Give me compendium's functionality without all the menus. Just a big blank screen that functions exactly like it and because it's part of the OS, I don't need to worry about indexing reference files to it and worry about losing them during the backup phase.

Dual panels that on one side covers all the help documentations and another side contains all the mini-features like RSS and PIMs.

Right panel contains the Incollector interface and left panel contains special temporary folders for copy pasting and storing with 4 categories. Personal, Important, Someday and Pending.

Upper area contains a mini-menu bar that can be hidden and functions like bblean's look.

Lower area contains a Yeah Write like interface with multiple tabs that act like ticklers that can be added at will.

Ex.

Entry 1: MS Word, Entry 2: MS Excel, Entry 3: MS OneNotes

so on and so forth. Basically a simplified panel docklet with an advanced button on the right side.

When advanced is clicked on, the bar rises revealling all the advanced equivalents of those tools.

Ex.

Entry 1: Notepad with autosave
Sub Entry 1: emacs or notepad++ or whatever advanced users might need

Add in a simplified launcher like Launchy for advanced searching, a Taboo Firefox extension interface for quick bookmarking of RSS Feeds within the Operating System and a virtual desktop with set jobs (i.e. a virtual desktop specified to open the browser and a notetaker when a user goes to that space which then automatically reverts to a normal virtual desktop space once that functionality has been set so as to avoid accidentally re-opening the browser)

Finally, a lighter native copy of ThinkingRock, an offline Diigo service and a Export mode level that when pressed outputs a compendium export file that can be transferred to the main application for other browsers, an incollector export file, a ThinkingRock export file and a YeahWrite file with all the highlights and annotations extracted to it in separate sections.

I guess for me, the perfect OS is one where it isn't the perfect OS but the perfect complimentary OS just as how Opera is the perfect complimentary browser for other browsers. I know, so far two of my posts are Opera related but really I'm not that die hard of a fanboy but when thinking about the perfect OS, there's just something I love about an app that can handle lots of stuff assigned to it but remains fast enough that you can just close and forget.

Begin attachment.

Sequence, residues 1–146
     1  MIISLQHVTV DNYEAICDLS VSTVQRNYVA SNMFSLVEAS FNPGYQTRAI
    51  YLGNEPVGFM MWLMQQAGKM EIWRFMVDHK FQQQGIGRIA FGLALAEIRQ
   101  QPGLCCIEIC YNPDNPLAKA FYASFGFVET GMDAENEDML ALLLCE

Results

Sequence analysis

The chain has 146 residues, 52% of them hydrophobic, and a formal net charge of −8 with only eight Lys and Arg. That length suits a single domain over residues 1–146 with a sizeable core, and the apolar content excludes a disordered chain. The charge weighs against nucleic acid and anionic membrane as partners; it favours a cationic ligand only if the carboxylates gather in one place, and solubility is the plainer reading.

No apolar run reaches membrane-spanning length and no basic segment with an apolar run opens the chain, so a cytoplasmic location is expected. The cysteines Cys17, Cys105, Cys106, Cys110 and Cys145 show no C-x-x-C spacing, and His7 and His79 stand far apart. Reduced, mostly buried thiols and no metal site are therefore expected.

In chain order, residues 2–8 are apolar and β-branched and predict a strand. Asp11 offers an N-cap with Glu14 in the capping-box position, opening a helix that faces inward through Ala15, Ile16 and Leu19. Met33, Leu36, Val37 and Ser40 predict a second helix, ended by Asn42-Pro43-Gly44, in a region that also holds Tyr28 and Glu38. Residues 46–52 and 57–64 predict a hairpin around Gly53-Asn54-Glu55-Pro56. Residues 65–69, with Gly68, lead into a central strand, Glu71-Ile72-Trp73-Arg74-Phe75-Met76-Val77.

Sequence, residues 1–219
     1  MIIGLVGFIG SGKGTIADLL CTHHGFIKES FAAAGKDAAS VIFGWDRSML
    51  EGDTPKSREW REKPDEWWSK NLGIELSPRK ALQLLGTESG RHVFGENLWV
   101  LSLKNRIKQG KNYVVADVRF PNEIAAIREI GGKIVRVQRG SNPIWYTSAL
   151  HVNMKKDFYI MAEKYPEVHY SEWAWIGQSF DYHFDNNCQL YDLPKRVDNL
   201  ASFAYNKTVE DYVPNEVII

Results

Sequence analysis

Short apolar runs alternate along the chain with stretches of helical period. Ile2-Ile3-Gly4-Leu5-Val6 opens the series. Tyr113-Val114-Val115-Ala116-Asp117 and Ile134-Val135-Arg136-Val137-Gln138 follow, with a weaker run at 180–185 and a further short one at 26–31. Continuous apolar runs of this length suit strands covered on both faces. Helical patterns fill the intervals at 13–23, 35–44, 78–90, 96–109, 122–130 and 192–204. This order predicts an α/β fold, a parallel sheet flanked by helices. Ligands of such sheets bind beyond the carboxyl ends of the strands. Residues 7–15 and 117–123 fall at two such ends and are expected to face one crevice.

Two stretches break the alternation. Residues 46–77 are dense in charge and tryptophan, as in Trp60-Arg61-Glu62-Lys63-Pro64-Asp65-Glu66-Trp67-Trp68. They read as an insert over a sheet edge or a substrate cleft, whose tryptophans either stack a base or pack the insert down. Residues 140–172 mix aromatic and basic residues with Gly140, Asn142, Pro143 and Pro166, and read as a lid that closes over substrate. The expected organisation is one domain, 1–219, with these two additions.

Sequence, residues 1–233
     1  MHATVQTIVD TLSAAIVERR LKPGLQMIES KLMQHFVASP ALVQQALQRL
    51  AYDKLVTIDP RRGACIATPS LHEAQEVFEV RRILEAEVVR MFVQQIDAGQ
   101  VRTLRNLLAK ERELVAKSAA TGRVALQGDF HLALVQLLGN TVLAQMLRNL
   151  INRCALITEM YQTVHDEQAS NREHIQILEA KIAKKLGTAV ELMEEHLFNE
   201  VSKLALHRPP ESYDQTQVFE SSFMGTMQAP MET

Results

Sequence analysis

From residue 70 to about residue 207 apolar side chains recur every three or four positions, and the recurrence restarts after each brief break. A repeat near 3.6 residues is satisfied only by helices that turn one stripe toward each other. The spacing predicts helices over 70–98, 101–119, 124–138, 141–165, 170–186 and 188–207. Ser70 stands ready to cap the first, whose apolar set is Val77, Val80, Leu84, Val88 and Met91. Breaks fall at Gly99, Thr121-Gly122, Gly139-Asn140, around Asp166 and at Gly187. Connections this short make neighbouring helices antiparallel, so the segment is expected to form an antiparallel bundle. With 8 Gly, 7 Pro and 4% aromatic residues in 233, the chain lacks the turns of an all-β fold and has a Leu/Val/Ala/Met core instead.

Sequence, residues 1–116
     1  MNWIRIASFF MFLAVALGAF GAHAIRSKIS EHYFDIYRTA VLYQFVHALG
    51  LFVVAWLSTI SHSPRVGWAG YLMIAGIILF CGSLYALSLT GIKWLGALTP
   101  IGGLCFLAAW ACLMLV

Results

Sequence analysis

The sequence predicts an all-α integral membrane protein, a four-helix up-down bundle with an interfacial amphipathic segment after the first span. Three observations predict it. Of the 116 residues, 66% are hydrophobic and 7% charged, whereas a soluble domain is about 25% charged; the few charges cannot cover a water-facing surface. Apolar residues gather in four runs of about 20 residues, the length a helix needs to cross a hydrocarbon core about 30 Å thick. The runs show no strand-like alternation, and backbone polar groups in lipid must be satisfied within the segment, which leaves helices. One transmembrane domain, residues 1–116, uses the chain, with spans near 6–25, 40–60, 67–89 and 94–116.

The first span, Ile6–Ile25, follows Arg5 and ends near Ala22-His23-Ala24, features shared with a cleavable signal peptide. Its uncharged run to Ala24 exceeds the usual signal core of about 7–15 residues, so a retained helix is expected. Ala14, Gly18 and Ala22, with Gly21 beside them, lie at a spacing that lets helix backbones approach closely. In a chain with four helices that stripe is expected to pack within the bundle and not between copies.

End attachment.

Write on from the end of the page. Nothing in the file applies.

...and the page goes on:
Most notable changes are the lack of links connecting to each other software wise and the fact that all of the software purpose have changed to suit a more productivity based goal and because that post was long ago. The details/specifics of the ideas you'd probably get from the posts I've made in GOE.

By lack of links, I pretty much mean chains connecting software to each other. Example such as I use post-its as parking lot tools for example yet at the same time, post-its are pretty much used for that purpose anyway and the only difference is that it's linked to the rest of what I use rather than a total separation. That is, recent lists go there but I also put urgent lists there. Yet I also put other urgent and recent lists elsewhere. Because the whole idea isn't really flesh out or that fleshing out would prolong the summary, you'll just have to analogize the idea to fit to specific models.

Software-wise, not much has changed:
1) Post-its
2) Random To-do lists (I actually did a list when I said I didn't in that post and what surprised me is that it was recent yet I forget about it -- while I was just checking the items off yesterday!) The whole deal I found for me was that random to-do lists ironically enough creates a better short to-do list system than the card-based one mouser uses. I actually was leaning to a more card-based one but instead I kept finding that I subconsciously just know what to put on those short lists and that the problem is solely in the backup scenario where I might lose the entries if I don't put it there)
3. Notepad/Akelpad - Find .txts to be much snappier than any software post-it program I use despite the need for a right click/create name. Mostly blank .txt with nothing on it. The title is the task entry.
4. Remember the Milk
5. Compendium
6. Incollector
7. The Form Letter Machine
8. PopUp Wisdom
9. WinXp Folders (I feel the folders thing just plain don't work without drag and drop organization)
10. Evernote
11. Dropbox
12. Scrapbook+ (thanks to mwang) Most of my stuff are still in Diigo though
13. Joe's Goals. Much more rarely now when Activity Tracker was made non-functional in Igoogle due to the changes which made it not work so I'm mostly off web apps.
14. Taboo Firefox Extension
15. Yeahwrite
16. OneNote
17. ReminderFox
18. SortbySize - though it's not updated for the latest version of Firefox and I haven't tested it under compatible mode.
19. Opera, save by active window Sessions